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Be Who You Are - Even on The Job Hunt: Political Affiliations in the Workplace

by Theodore Masthay, Professor for Department of Social Sciences Feb 28, 2022

Nobody is apolitical. People have varying levels of interest, engagement, or awareness of the political world around them, but there is not a solitary individual who is entirely insulated from politics.

So when it comes to how you approach the beginning of your career, it is not something you should tuck away and hide from potential employers – after all, your politics are a part of you.

As someone who is an early career academic, memories of the application process in my chosen field are fresh. After all, I am a professor of political science; so it would be difficult for me or anyone in my profession to entirely disassociate themselves from politics. However, as it relates to the process of acquiring employment, the role of your personal ideology is highly contextual. First and foremost, when delivering application materials in my field or any other, displaying your professional credentials and qualifications ought to be your primary focus.

Beyond that, it is prudent to ask yourself whether you think your political beliefs or affiliations would have any effect on your ability to carry out the duties of the job you desire. For many jobs and careers, the answer is clearly ‘no.’ In my capacity as a professor, I sincerely believe my personal political beliefs do not impact my effectiveness as a teacher or researcher. At the same time, I try to create an environment where open dialogue is encouraged and if students want to know my thoughts on anything, I am more than willing to offer it to them.

For other jobs, the answer to the aforementioned question is an enthusiastic ‘yes.’ Your political beliefs often inspire you to act in ways dedicated to what you really care about in life. So if you have a passion for a certain issue and you are applying for a job in a field related to it, it absolutely makes sense to inform your potential hirer that you are on the same page.

In my experience, once you have reached the stage of an interview, then it is both easier and more important to really present yourself to the folks you may end up working with. By that point, you have clearly demonstrated that you are qualified. Here at DeSales University, we cite the St. Francis DeSales quote, “be who you are, and be that well” often. While that maxim applies broadly, I think it is specifically useful to employ its spirit during a job interview. You want an employer to accept you for who you actually are, not for who you project you are. Which is to say, if politics seems contextually appropriate to discuss in an interview or work setting, then based on my experiences I would advise you to engage with it. You want to make sure that you end up in an environment where you feel both welcome and comfortable. So while this is much easier to say than it is to internalize, be aware that you are interviewing your potential employer as well. You can take the information you acquire and the observations you make during an interview to help you decide whether you would like to work there if offered a position.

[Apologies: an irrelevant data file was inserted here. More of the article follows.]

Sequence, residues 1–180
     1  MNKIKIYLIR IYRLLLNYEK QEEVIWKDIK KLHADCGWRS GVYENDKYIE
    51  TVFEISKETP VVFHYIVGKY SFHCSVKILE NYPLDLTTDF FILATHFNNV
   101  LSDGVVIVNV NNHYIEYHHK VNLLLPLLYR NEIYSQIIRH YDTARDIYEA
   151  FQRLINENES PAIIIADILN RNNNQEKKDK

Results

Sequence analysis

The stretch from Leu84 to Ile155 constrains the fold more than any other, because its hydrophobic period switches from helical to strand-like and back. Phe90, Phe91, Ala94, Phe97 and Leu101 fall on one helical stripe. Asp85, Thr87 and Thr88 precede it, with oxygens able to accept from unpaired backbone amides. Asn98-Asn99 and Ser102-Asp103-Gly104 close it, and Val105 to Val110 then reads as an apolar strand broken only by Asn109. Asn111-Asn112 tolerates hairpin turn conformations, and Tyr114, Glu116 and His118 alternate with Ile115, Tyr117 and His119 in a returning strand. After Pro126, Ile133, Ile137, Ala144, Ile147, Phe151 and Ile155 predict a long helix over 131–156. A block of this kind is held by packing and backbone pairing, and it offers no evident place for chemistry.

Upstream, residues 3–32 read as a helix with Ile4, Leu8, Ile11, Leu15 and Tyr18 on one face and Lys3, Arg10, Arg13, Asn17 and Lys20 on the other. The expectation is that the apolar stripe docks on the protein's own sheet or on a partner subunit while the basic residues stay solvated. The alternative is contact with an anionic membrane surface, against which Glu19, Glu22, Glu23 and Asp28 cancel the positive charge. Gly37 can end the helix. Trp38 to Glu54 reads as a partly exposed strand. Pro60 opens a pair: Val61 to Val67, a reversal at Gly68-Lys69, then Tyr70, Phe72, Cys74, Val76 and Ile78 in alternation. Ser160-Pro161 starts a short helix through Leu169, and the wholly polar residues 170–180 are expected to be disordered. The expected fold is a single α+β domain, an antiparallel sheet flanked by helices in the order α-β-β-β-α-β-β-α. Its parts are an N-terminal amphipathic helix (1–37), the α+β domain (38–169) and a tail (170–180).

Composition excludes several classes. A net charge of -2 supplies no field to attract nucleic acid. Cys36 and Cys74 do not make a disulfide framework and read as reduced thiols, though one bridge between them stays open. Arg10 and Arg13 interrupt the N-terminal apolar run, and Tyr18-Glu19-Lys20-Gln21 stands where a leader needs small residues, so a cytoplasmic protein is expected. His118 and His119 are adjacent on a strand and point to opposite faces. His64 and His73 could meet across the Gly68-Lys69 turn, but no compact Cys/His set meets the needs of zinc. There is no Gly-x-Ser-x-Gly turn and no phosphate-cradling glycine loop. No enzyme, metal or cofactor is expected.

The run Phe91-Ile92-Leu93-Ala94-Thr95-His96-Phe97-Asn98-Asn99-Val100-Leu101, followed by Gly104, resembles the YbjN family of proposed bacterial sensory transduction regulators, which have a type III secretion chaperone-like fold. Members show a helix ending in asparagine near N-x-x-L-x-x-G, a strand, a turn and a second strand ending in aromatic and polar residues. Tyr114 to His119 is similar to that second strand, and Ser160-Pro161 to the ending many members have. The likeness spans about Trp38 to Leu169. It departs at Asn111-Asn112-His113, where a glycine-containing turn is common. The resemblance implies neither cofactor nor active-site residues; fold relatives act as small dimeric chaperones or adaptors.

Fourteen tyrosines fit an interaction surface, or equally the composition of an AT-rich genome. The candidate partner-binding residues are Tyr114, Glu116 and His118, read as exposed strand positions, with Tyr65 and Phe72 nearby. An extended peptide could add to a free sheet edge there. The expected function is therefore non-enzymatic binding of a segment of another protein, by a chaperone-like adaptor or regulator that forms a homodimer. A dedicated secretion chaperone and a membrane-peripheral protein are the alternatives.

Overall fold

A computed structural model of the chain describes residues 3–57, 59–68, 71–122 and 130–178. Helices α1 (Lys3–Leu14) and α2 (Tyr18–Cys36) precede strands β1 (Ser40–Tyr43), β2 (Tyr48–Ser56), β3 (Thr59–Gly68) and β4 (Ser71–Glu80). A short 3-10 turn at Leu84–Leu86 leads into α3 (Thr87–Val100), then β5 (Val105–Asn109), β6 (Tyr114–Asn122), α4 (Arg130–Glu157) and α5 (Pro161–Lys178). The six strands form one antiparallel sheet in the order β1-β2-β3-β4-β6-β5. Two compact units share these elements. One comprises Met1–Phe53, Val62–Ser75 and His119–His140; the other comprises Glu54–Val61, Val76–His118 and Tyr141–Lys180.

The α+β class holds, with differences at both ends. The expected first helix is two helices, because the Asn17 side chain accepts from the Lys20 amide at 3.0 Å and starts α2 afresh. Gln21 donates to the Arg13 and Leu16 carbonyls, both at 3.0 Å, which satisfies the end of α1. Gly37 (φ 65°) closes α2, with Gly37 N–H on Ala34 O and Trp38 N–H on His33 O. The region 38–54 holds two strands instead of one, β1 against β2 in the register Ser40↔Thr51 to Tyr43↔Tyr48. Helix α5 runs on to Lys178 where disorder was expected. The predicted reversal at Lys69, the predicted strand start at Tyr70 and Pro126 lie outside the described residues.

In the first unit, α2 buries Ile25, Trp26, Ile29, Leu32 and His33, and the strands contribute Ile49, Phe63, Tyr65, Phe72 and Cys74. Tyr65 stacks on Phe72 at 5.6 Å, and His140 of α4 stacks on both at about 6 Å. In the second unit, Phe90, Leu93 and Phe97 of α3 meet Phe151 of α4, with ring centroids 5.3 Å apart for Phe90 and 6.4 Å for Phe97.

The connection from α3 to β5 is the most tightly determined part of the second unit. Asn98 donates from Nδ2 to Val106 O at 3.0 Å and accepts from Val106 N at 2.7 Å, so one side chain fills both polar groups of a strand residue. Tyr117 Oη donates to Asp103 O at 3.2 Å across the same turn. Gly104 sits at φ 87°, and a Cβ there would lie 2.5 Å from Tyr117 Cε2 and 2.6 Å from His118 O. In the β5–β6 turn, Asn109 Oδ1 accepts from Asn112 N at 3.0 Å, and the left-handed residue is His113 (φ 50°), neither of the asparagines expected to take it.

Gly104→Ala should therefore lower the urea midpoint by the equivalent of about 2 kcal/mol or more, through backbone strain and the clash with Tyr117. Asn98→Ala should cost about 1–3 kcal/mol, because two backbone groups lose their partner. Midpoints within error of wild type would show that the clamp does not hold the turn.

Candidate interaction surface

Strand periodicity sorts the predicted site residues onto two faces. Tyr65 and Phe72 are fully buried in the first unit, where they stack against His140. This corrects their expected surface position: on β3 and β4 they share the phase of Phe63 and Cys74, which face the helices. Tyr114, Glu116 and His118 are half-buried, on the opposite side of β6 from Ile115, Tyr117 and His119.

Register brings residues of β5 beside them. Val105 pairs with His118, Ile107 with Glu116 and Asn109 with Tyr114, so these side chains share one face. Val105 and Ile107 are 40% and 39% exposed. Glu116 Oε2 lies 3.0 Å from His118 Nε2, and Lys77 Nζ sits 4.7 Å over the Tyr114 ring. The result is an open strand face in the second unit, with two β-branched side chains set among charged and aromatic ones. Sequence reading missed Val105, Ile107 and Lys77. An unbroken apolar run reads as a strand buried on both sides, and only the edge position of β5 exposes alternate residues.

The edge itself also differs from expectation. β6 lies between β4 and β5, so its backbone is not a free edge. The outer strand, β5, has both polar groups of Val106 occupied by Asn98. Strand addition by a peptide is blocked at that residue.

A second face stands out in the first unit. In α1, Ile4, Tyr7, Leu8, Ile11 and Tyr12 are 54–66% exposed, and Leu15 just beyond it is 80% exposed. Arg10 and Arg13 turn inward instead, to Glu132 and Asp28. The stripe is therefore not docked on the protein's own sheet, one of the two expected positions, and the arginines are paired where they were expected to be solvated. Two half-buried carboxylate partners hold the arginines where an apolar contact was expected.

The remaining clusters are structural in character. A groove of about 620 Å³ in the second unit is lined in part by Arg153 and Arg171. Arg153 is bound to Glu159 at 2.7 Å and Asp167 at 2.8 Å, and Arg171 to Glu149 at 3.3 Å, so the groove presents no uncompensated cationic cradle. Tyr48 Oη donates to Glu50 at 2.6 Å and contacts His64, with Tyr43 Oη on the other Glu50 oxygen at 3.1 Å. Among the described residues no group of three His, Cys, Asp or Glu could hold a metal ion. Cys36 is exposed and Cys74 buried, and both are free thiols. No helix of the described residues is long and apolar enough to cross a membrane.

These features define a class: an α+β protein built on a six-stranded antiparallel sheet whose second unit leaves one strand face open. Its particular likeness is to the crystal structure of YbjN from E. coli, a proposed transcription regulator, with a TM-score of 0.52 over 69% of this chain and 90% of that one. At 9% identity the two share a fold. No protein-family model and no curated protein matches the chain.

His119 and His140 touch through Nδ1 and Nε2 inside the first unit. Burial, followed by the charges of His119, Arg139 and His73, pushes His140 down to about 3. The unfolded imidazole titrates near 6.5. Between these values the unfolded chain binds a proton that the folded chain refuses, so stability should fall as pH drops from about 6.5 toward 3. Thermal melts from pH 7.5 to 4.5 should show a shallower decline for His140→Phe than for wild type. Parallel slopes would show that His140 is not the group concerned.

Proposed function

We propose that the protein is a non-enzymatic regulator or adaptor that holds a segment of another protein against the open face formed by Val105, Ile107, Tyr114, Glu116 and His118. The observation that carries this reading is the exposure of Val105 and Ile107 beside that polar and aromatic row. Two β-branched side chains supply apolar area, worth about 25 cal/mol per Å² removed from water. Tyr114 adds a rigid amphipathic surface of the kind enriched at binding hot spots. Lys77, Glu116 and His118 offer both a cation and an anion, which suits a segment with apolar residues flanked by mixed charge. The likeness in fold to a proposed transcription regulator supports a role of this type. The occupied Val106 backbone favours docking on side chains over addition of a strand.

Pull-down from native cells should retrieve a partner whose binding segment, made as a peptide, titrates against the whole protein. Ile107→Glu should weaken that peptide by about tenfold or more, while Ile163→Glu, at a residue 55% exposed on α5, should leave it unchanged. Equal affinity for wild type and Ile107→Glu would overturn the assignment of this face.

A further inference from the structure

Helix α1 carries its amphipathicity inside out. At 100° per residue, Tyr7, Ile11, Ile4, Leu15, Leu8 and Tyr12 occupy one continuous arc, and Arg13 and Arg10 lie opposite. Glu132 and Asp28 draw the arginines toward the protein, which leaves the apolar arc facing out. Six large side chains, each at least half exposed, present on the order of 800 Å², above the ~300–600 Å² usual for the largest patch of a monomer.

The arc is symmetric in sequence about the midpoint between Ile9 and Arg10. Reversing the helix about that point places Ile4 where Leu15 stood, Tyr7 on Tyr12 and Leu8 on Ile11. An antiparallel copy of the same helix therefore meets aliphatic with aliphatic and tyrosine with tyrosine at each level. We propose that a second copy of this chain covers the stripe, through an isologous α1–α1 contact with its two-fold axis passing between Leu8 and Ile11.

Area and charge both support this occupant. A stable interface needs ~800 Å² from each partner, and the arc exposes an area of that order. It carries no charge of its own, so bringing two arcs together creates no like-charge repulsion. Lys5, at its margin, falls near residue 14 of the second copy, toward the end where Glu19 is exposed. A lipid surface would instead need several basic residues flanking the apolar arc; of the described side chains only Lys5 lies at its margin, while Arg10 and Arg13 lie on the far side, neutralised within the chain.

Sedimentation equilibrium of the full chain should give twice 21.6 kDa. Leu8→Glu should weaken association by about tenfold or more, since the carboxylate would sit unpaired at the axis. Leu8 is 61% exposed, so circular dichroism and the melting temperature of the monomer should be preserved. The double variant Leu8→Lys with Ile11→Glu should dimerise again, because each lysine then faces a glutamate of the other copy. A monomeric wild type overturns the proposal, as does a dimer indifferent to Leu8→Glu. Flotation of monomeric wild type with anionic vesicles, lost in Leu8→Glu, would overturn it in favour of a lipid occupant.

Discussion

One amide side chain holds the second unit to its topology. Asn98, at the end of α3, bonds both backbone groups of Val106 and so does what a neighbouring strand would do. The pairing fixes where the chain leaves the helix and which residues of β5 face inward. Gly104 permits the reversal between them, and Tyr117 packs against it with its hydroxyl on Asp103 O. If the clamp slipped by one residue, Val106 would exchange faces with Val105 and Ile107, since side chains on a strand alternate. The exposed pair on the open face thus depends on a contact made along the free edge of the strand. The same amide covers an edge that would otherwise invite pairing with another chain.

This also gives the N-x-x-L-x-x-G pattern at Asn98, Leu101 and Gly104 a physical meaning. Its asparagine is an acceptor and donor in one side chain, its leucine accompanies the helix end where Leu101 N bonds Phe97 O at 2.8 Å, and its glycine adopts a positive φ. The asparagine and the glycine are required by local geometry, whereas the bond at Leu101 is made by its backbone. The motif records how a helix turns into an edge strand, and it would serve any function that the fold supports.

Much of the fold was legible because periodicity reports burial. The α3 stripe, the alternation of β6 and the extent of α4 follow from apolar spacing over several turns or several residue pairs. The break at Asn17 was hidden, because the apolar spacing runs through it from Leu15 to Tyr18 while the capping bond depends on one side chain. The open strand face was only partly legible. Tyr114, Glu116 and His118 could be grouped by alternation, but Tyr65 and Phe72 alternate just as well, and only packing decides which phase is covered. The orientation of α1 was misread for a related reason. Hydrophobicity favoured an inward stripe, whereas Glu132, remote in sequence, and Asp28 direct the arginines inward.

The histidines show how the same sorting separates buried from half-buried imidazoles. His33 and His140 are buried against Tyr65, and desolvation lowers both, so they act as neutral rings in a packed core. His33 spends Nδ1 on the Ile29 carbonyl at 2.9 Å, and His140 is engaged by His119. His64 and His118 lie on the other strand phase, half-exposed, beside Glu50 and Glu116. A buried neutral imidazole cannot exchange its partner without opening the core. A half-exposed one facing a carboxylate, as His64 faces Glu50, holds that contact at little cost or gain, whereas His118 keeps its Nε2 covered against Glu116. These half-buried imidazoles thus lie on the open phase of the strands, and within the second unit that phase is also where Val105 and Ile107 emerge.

I cannot offer any advice that is universally applicable – context matters deeply at every stage of the process in every sector of the economy. But at the risk of sounding trite, you will more likely than not find yourself in a better situation if you search, apply, and interview with employers whose missions align with your values. Since politics is inescapable, it makes sense to price it in to your evaluation of employers.

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